Another legacy of migrant labour was that productive capacity was not developed in the rural areas where workers came from. However, the picture might be changing, indicated Professor Michael Aliber (Fort Hare University). The tentative findings of his study of rural livelihoods and post-1994 social change in the former Transkei showed that R1.7 billion was invested in traditional areas, compared to R834 million in urban areas.

“The more things changed in the hostels, the more they stay the same”

“While social grants are relatively important in the former homeland, there’s more going on: unemployment basically has decreased as much as in towns, although unemployment is still higher in rural areas.” Aliber’s analysis showed that salaries, wages or enterprises were the major forms of income in the former homeland, and there was evidence of a peak in employment in construction in traditional areas.

Hostels: Places of perplexity

Pointing to the “paradoxes between policies and people’s reality” was Dr Nomkhosi Xulu (Durban University of Technology), who studied migrant hostels in KwaZulu-Natal. These were changed to community residential units (CRUs) after 1994, but are shared with unease with women and children as they are still seen as spaces for men. Units are often occupied by more than one family – a reality also observed by workshop participants during a “talking tour” to a local CRU.

Dr Xulu summarised: “These are now spaces of perplexity. They reflect the plans, hopes and dreams of the post-apartheid era, but are not the nice CRUs meant to house families. They are spaces of paradoxes: happiness, crime, unsatisfied needs, livelihood struggles… They didn’t reunite families as intended, but constructed new living relations. The more things changed in the hostels, the more they stay the same.”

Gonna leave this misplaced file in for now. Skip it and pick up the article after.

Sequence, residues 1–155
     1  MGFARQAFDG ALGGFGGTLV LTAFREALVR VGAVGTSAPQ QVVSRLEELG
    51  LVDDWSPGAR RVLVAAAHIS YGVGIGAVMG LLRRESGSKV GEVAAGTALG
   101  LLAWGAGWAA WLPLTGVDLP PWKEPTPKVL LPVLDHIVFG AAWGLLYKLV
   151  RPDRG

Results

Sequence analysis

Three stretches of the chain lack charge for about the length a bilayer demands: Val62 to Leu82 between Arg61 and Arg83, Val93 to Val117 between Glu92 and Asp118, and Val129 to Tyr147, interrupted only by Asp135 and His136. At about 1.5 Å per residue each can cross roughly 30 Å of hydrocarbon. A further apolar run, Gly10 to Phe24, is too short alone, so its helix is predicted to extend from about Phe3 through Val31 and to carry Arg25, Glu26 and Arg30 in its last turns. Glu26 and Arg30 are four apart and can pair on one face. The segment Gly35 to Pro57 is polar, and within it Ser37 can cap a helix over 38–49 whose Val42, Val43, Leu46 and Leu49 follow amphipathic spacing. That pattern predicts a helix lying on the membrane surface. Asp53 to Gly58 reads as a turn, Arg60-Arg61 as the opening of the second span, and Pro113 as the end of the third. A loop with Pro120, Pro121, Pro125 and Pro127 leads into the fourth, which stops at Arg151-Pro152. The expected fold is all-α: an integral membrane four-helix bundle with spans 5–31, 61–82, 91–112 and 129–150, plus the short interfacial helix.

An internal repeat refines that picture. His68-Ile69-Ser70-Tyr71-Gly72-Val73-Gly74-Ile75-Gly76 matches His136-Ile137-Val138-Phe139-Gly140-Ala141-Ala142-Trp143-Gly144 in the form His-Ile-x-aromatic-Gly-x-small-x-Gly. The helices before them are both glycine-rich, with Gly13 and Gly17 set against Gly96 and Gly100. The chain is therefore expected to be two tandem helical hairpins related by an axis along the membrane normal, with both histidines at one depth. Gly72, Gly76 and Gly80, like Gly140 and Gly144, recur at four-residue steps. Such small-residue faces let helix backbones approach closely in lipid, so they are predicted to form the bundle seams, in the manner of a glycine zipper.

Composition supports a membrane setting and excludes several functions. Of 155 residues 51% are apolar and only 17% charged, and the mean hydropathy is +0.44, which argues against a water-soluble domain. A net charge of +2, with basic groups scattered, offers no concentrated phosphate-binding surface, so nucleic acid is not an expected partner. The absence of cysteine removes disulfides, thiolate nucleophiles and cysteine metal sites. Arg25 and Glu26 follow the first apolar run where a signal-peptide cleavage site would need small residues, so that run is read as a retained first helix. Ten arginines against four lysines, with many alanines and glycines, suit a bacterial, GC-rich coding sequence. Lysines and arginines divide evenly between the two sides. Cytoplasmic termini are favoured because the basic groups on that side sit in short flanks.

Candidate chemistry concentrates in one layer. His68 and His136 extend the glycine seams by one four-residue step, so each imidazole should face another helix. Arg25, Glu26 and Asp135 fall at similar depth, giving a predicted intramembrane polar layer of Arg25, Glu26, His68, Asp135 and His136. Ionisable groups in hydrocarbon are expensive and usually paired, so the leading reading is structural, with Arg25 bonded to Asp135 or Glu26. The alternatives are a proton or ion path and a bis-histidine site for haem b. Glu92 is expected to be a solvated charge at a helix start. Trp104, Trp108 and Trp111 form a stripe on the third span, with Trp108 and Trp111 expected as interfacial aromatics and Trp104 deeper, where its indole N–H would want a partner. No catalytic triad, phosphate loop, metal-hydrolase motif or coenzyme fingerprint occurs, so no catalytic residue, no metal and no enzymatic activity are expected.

Women and gender roles

Participants often raised the roles and needs of women affected by migrant labour – the “country wives” staying behind at the place of origin, the “town wives” supporting men at the location of employment, those following their men with aspirations for a better life or because they fear losing him to another partner, and the vulnerabilities brought on by these relationships.

Presenting on notions of gender and identity was Dr Asanda Benya (UCT), who worked and lived with mine workers for her studies on migrancy and “mining femininities”. She experienced these women as constantly negotiating different “gender scripts” in different spaces: in their homes where they provide “invisible labour” determined by mining activities, underground in the mine where different femininities are expected, and back at their rural “home home” where they struggle to relate to and integrate with traditional gender roles.

The research agenda

The action dialogue has surfaced numerous research gaps and possibilities: An interdisciplinary and multiple-university enquiry involving local researchers from communities affected by migration; archives on former homelands’ relationship with migrant labour which should be documented; and paying special attention to cultural dynamics in detailed life histories of roleplayers in the platinum mining strikes. Longitudinal data on labour migrancy are needed; as are empirical studies on migrancy and livelihood patterns in former homelands, on the drivers of migration change, on the implications for women and children who move or stay behind, and on the status of the old compounds and the experiences of inhabitants. Questions were raised about policy responses to Zimbabweans who have taken on a permanent presence in South Africa.

The organiser of the dialogue, Dr Leslie Bank (HSRC and affiliated to Fort Hare University), expressed the hope that the network that was established with the event will activate research partnerships to help close these evidence gaps.

Dialogue programme

 

Contributors
This article was written by Charmaine Smith, communication manager of the Mandela Initiative, and edited by Francis Wilson.